Subscribe to Newsletter
Monthly Newsletter: Join more than 3,000 African literature enthusiasts!
Subscribe for African literature news, and receive a free copy of our "Guide to African Novels."

Image source: Flickr.

My father plays a song aloud on Sundays,
that begins with ‘Where’ve you been my blue-eyed girl?’
We scream on the other side, the
next-door neighbor who is 65,
(steals our rain-water overnight)
and wakes to a full pee-bucket, the body of a whale,
and balls of fart, giggling their way out,
pours a barrel of curses after him.
We don’t mishear,
before straining our biceps by stretching,
and groan to drown out laughter.
Girls aren’t moulded to get amused
(at a man’s (in)convenience).

Someone’s father once made a portrait of my body burning.
Then said, ‘Never play couple with other street girls.’
He feared he’d hear me whisper to his daughter,
how, like a caged weaver bird, a woman
glued to a man’s skin, she was,
but patience wasn’t her by-word,
so she asked if I’d like my coffee black or milked.

I may never tell him about nights when I walked and crawled
over many misty mountains,
when we became ghosting girls hiding in unfinished buildings
to find god in each other’s bodies.
But once, two pebbles discovered asylum under her breasts.

The doctor said he saw a few more things, like visions of her
blood pooled into Lake Tanganyika,
waiting for more birds to drop pebbles into them.
I longed to tell him how birds should never have to
circumvent with stones pegged between their beaks
(vultures are men with skull-and-crossbones or preachers
or fishers of wo-men who love wo-men),
how a girl swiftly became
a rapid phrase on a saxophone,
a stick-sketch in an Other’s drawing book.

 

 

About the Author:

Chisom Okafor studied Nutrition and Dietetics at University of Nigeria, Nsukka. His works have been published or are forthcoming in various literary outlets.

Tags: ,

No comments yet.

Leave a Reply

I hold a doctorate in English from Duke University and recently joined the Marquette University English faculty as an Assistant Professor. I love teaching African fiction and contemporary British novels. Brittle Paper is the virtual space/station where I play and experiment with ideas on how to reinvent African fiction and literary culture.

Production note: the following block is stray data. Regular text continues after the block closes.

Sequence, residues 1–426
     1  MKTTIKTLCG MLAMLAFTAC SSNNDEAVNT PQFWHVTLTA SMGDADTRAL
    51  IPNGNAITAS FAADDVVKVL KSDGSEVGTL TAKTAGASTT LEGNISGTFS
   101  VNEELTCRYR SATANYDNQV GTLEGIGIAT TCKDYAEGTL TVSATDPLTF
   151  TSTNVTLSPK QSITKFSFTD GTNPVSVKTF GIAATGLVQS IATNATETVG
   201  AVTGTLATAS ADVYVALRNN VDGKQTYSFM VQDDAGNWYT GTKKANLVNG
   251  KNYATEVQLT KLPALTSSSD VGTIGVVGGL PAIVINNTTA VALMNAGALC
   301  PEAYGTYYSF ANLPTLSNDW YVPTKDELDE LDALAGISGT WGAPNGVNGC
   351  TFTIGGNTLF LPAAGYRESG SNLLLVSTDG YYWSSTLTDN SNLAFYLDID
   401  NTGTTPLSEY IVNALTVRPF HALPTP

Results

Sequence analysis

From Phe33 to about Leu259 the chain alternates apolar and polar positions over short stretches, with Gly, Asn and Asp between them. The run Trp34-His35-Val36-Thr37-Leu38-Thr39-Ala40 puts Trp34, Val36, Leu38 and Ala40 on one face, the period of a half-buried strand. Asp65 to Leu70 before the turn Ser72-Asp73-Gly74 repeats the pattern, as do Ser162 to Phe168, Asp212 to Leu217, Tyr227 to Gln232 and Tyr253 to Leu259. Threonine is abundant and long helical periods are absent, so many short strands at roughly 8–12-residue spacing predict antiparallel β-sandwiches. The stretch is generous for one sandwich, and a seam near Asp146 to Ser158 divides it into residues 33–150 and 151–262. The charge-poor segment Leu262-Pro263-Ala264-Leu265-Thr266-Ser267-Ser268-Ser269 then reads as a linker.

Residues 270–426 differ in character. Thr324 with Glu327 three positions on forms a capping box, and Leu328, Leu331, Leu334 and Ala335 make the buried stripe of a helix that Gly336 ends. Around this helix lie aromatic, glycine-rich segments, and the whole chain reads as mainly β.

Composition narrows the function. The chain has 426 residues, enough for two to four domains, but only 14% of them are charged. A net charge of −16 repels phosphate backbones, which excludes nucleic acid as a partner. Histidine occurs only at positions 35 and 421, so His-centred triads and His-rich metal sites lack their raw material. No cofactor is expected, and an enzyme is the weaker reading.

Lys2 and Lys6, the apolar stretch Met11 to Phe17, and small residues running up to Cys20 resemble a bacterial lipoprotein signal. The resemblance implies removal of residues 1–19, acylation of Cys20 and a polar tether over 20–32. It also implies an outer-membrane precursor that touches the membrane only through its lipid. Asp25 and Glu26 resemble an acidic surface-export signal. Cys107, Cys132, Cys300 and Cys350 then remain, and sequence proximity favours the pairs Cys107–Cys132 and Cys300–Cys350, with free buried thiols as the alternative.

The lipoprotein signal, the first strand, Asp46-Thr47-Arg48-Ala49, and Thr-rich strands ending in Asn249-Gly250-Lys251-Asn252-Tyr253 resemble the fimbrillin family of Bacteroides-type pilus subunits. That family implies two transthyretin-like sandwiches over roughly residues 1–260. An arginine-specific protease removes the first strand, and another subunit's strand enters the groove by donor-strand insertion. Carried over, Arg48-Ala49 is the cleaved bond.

Monthly Newsletter!

Subscribe for African literature news, and receive a free copy of our
"Guide to African Novels."

Archives

Fiston Mwanza Mujila’s Tram 83 Wins the 2018 Peter Rosegger Literature Prize

fiston mujila mwanza

Fiston Mwanza Mujila has won the 2018 Rosegger Literary Prize in Austria for his debut novel Tram 83. Mujila was shortlisted […]

Psalm 151 | Theresa Lola | Poetry

PSALM151

Theresa Lola is a poet of considerable achievement. A few months ago, she became a joint winner of the 2018 […]

Opportunity for African Writers | Enter for the 2019 Gerald Kraak Award

gerald kraak - as you like it

The 2019 Gerald Kraak Award is open for submissions. The deadline is 25 June 2018. Founded in 2016 by the Jacana […]

If Football Nations Were Rappers | Musa Okwonga’s World Cup Thread Is a Twitter Moment

musa okwonga - god is in the tv zine

Writer-musician Musa Okwonga last week saw a fun thread he started, “If Football Nations Were Rappers,” in which he matched football […]

Cassava Republic Warns Against the Deletion of Local Publishing Houses

cassava republic books

A few days ago, publishers Cassava Republic published on their site a trend in which Nigerian media de-prioritize the work […]

Crime-Writing as Political Engagement in Moroccan Literature

InstaBox_201861813422729

Among the best known Moroccan writers are Laila Lalami, UNESCO-Sharjah Prize winner Bensalem Himmich, Grand Atlas Prize winner Youssef Fadel, Prix Goncourt […]

Thanks for signing up!

Never miss out on new posts. Subscribe to a digest, too:

No thanks, I only want the monthly newsletter.